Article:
...the building established the limits of encroachment on the Mall and set the standard for the later structures of the Federal Triangle. Daniel Burnham and Charles McKim of the Park Commission (known today as the McMillan Commission) and the Department of Agriculture Building Committee were at odds over the proposed location of the structure. The Commission wanted to create an open Mall without buildings, as it is today, but the Agriculture Committee disregarded the proposed McMillan plan (which had not been accepted yet) and placed the building at random in the proposed Mall. Burnham and McKim sought the sid of President Theodore Roosevelt to stop construction of the structure and place it on their proposed East-West axis. The President called a meeting to stress the relationship of the building to the McMillan plan East-West axis assuming that the Agriculture Committee would follow the plan. As a result of the meeting, the Agriculture Committee moved the proposed building towards Independence Avenue but disregarded the McMillan plan North-South axis. Burnham and McKim caught the Agriculture Department Committee when the foundations were in place and again asked the President to intercede on their behalf. Roosevelt called another meeting and succeeded in having the Committee move the building 106 feet west to conform with both the East-West and the North-South axis. Thus, the open Mall concept was saved.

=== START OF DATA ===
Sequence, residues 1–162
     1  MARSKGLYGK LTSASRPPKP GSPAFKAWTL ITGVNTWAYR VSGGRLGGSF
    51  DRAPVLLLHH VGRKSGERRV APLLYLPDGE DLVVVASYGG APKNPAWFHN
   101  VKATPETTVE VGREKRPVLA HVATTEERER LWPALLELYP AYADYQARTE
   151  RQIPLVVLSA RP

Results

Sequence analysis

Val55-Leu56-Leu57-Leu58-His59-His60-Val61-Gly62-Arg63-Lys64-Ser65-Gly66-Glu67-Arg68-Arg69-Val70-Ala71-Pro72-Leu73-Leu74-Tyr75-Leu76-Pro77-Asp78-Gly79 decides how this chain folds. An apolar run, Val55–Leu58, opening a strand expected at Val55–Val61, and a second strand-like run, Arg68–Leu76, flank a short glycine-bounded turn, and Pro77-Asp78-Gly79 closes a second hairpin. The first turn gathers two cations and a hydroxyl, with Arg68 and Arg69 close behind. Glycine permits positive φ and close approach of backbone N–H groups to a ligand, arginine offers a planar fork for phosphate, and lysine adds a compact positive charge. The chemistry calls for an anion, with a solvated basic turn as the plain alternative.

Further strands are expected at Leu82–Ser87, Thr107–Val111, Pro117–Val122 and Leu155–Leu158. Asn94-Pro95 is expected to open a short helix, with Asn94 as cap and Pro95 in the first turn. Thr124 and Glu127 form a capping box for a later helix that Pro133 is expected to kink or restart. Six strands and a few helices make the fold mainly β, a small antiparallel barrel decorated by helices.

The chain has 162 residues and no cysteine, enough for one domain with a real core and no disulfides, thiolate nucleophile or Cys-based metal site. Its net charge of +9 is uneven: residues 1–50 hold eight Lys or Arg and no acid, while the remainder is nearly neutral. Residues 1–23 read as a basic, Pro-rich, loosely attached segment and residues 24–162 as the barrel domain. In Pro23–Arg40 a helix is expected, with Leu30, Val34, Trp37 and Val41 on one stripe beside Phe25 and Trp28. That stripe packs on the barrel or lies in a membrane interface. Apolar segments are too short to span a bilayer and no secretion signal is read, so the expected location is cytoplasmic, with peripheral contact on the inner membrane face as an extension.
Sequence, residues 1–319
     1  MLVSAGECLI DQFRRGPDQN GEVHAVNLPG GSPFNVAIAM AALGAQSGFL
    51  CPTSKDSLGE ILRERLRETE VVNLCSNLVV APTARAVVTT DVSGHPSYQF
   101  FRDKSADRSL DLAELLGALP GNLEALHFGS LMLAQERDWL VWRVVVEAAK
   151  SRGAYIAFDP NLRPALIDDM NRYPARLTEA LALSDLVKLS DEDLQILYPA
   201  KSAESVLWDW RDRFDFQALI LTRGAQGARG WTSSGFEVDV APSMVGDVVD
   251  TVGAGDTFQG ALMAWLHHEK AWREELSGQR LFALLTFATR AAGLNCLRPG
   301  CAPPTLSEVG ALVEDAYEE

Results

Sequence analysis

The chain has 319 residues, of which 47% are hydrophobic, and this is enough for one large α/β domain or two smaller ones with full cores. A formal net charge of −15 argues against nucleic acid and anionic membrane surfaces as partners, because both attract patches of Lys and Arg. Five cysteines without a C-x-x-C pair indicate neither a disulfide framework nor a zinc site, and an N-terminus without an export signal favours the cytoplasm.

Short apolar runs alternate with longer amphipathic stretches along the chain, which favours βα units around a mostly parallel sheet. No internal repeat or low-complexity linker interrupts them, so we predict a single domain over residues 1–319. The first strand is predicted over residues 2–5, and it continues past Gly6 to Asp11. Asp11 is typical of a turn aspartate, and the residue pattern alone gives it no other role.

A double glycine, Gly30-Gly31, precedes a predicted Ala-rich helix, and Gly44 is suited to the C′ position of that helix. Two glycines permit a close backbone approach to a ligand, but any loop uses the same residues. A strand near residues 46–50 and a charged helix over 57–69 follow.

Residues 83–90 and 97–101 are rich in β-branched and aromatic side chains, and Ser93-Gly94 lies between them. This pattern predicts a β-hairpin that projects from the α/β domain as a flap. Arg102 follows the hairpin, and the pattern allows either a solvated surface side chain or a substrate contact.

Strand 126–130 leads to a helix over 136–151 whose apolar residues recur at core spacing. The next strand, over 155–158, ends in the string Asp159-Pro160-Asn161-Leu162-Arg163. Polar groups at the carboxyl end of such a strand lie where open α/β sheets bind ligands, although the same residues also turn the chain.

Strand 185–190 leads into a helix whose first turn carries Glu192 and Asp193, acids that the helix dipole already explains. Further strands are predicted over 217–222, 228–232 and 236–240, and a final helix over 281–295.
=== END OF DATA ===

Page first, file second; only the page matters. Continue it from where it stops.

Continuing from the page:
Interesting bit of history, thanks, Neil.

by JR on Jun 19, 2014 10:59 am • linkreport

This sounds like a wonderful plan. We need to increase local farming and what better way than having the Agriculture department show how on America's front yard.

by Thayer-D on Jun 19, 2014 11:00 am • linkreport


Why do we need to increase local farming? I'm no shill for big ag, but per pound of output, industrial farming is cheaper and less energy-intensive.

There's nothing wrong with boutique family farming, but most people in the US will be getting their food from a big ag farm.

by questions on Jun 19, 2014 11:05 am • linkreport

The truth is that if the farm area in from of DoA HQ were to reflect the agricultural output of the US, it should be either a corn or soy field.

by questions on Jun 19, 2014 11:07 am • linkreport


I kind of agree but it's not like the land here in question is going to be used for anything more productive so let's go ahead.

Otherwise I'm generally skeptical that "urban farming" will radically change our cities anytime soon.

by drumz on Jun 19, 2014 11:13 am • linkreport

Industrial agriculture is unsustainable. Thousands of years of aquifer storage are being depleted all over the middle of the country. California has less and less water every year it seems. Local farming is a matter of food security and not destroying the environment.